Let’s be careful while we kick racism out of football

Last week my 11-year-old mixed-race son, Kaleb, watched a BBC documentary on racism in the Ukraine and Poland.  These countries are co-hosting the 4th largest sporting event in the world – the European Football Championship – Euro 2012.  It has been football non-stop around the Hatch house lately to chagrin of the Hatch ladies.

Several times during the game the conversation has turned to racism and Kaleb has remarked that “The Ukrainians are racist” or “The Polish would beat me up if I went to a game.”

How should a white father respond to comments like these to his brown son?

I’ve tried to make several points with Kaleb:

1. There are racist people in the world who will be mean to him just because of the colour of his skin.  This is a sad fact and we shouldn’t pretend otherwise.  Our world is broken in many ways, but this is one aspect of that brokenness which impacts my son in a very personal way.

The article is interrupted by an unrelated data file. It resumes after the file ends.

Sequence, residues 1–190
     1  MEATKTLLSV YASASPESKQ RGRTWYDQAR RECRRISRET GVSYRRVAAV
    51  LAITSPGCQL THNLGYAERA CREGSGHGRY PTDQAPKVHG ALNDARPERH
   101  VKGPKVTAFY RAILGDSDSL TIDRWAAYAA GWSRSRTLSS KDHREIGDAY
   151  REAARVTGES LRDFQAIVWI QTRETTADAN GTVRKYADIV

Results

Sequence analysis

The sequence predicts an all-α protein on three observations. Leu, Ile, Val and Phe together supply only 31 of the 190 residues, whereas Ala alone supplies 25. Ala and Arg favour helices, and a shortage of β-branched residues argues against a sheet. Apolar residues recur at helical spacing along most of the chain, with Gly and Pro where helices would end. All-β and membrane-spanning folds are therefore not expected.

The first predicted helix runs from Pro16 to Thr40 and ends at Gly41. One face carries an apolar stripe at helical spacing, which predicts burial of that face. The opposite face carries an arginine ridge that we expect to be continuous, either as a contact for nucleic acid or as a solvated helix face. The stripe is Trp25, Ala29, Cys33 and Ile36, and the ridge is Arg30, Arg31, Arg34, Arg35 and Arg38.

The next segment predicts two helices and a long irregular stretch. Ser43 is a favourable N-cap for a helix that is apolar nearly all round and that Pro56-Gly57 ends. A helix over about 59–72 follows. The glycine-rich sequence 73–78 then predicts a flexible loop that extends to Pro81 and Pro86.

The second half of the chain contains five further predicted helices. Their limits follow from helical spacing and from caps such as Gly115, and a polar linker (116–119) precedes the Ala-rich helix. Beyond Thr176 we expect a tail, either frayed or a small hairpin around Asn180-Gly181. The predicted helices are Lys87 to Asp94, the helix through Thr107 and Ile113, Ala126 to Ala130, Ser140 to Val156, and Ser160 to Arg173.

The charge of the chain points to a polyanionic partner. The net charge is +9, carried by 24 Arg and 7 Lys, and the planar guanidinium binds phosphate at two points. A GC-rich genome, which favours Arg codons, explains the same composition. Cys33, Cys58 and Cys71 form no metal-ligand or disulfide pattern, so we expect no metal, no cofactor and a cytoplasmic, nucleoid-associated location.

2. It’s OK to take precautions in order to stay out of trouble.  When he’s an adult, he might decide that he doesn’t want to attend a football game in Poland or Ukraine and that’s OK.    He may decide to engage in difficult and dangerous activities but there’s no glory in getting beaten up for football.

3. Just because there is a group of racist people in a country, that does not mean that everyone in the country is racist. Thinking that each and every individual in a community acts like the worst element, leads to the racist thinking that we want to avoid.

4. No one is beyond the grace of God. We are not inherently better than anyone on the BBC documentary as Paul tells Titus:

For we ourselves were once foolish, disobedient, led astray, slaves to various passions and pleasures, passing our days in malice and envy, hated by others and hating one another. But when the goodness and loving kindness of God our Savior appeared,  he saved us, not because of works done by us in righteousness, but according to his own mercy (Titus 3:3-5a)  

Paul’s  self description sounds like some the European football fans.  And like Paul, racist football hooligans can by changed by God in his mercy.

Let’s kick racism out of football, but let’s be realistic while we do it.

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